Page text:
My solution for grade inflation

It is the end of the semester and grades are upon us! Continual grade inflation in higher education is a well known problem. I don’t help any — and it is relatively easy to tell you why. There are zero incentives for me to grade harshly, as giving harsh grades is the best way to get more critical student appraisals. I probably earned myself a few more critical comments in just the past few days when giving students feedback on their end of semester final papers.

Now, don’t take this as I trivially give out grades. In my courses I have come to the style of having students do many different homeworks over the semester, instead of one big project or final exam that counts towards the majority of their grade. This helps more mediocre students, as they have more opportunities to make mistakes but still get a decent grade for the course. I think in terms of pedagogy this is better than cramming for a final or pouring everything into a paper written in haste, but I have no empirical evidence to back that up.

Before giving my solution though to grade inflation, we need to step back and say what is the point of grades? For individuals externally viewing someone’s grades, they accomplish two things:

  • provide an indication of competency in some topical area, e.g. Billy can drive a car because he passed his drivers exam.
  • provide a signal to prospective employers as to the relative merits of two students, e.g. Angela is a better candidate than Billy, because Angela’s GPA is 3.7 and Billy’s is 2.9.

In terms of helping students learn, the grade itself does not help them learn, but getting critical feedback does. E.g. me telling you got a B on your final doesn’t help you learn anymore, but me telling you specifically what answers you got wrong and right does. So I only consider grades here as necessary for external use by others to judge students.

My solution to grade inflation is simple and accomplishes both of my bullet points. We should give each student a pass/fail, and then we should give each student a relative, within class ranking. Specifically, on a students transcript they should have a number that says 1/30 if they were the top student out of 30, or 15/30 if they were the 15th ranked student out of 30, etc. for each course that they took.

Pass/Fail is for the ultimate competency point. Grade inflation currently makes letter grades and GPA essentially meaningless, everyone who passes has a high grade. Minimum GPA requirements for certain degrees effectively enforce this anyway. Most schools currently have things to try to make students stand out, Honors students, Deans list, cum laude or whatever. But those are subject to the same grade inflation problems, as they use grades to meet the cut-offs. Our system is essentially pass/fail already.

The relative ranking though is a bit more novel, but also accomplishes the signal to employers part about the relative merits of two students, at least those who take the same courses. It does so in a dimensionless way though, unlike GPA or letter grades. Grade inflation currently hurts the really good students the most, as the top part of the distribution is censored by having an upper limit of an A. Assigning a relative ranking for each course allows those students to come to the top though. Even if the entire class passes, there will still be students who rank in the top part and the bottom part of the class. (It also has the added benefit of mostly eliminating grade complaining by students – I have no control of your relative ranking.)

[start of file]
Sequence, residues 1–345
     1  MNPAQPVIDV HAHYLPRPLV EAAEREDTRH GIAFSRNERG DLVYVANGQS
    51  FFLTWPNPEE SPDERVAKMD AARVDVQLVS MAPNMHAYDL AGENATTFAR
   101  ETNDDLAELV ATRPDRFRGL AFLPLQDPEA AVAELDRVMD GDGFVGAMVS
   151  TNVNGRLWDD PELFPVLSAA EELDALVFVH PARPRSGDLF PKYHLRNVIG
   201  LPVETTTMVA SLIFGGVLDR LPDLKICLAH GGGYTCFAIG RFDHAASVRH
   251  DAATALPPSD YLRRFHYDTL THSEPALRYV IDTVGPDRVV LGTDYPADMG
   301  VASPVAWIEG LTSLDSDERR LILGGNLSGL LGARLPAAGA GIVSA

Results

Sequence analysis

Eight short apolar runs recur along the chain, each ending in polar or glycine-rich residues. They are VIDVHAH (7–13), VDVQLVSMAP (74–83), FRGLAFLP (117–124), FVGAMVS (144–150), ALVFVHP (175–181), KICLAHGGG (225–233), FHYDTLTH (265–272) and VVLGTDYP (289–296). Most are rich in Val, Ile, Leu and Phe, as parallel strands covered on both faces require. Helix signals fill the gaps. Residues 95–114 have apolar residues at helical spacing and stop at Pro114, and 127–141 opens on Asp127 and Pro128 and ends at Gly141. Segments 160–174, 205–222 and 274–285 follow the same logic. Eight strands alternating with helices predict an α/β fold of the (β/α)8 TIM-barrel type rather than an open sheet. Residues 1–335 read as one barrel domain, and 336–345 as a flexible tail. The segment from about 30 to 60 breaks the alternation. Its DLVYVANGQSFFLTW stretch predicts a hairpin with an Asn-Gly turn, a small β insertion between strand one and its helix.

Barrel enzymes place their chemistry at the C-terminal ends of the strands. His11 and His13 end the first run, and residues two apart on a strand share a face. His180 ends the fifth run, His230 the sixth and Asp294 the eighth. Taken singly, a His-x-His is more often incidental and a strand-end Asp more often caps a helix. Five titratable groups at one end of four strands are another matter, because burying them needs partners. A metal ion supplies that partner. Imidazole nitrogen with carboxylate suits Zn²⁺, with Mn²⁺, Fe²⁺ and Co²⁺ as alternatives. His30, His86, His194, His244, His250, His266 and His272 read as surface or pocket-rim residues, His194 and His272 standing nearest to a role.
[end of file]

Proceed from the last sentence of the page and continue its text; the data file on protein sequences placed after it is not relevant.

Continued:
Both of these are easily accomplished with the way courses are currently structured. Professors need not change anything essentially. There would be some specific details to work out for relative ranking (ties, and combining rankings for different sized classes for the penultimate ranking equivalent of GPA) but those aren’t insurmountable. Pass/Fail is already a part of the system, so that obviously takes no additional work.

Currently getting a relative ranking for an individual class already provides much more information than letter grades do. It has some of the same flaws as letter grades, comparisons across schools or degrees or time are much harder to make, but it is no worse than letter grades in this regard. One critique could be that if you have a good cohort you will be lower in relative rankings, but that is a good thing when considering the signal perspective from an employer, as you should be judged against your peers on the job market, not against different cohorts.

There are similar programs in place, such as those schools publishing entire grade distributions (UNC was going to do this, but I’m not sure if it ever materialized). One of my professors (who received his degree not in the US) said his institution had real curved grades, e.g. the top 30% in the course got an A, the next 30% a B, etc. This works on the same principal as my relative rankings, but you have an ultimate judgment of pass/fail, instead of having the letter grade determine the pass/fail competency. Also only having a limited set of letter grades hurts the really good students. These tend to not be popular though based on the argument that all of the students could be good. The second pass/fail separates the two goals of grades, so makes this point moot. The complaint about different professors having different grading thresholds is still a problem for the ultimate pass/fail, but is entirely eliminated with relative rankings.

I can’t be the first one to think of this — let me know in the comments if some institution is already doing this! The scatterplot blog posts by Andrew Perrin suggest that UNC tried to do something like this with an Achievement Index, but that was still based on grades and seems much more complicated than what I am suggesting offhand.

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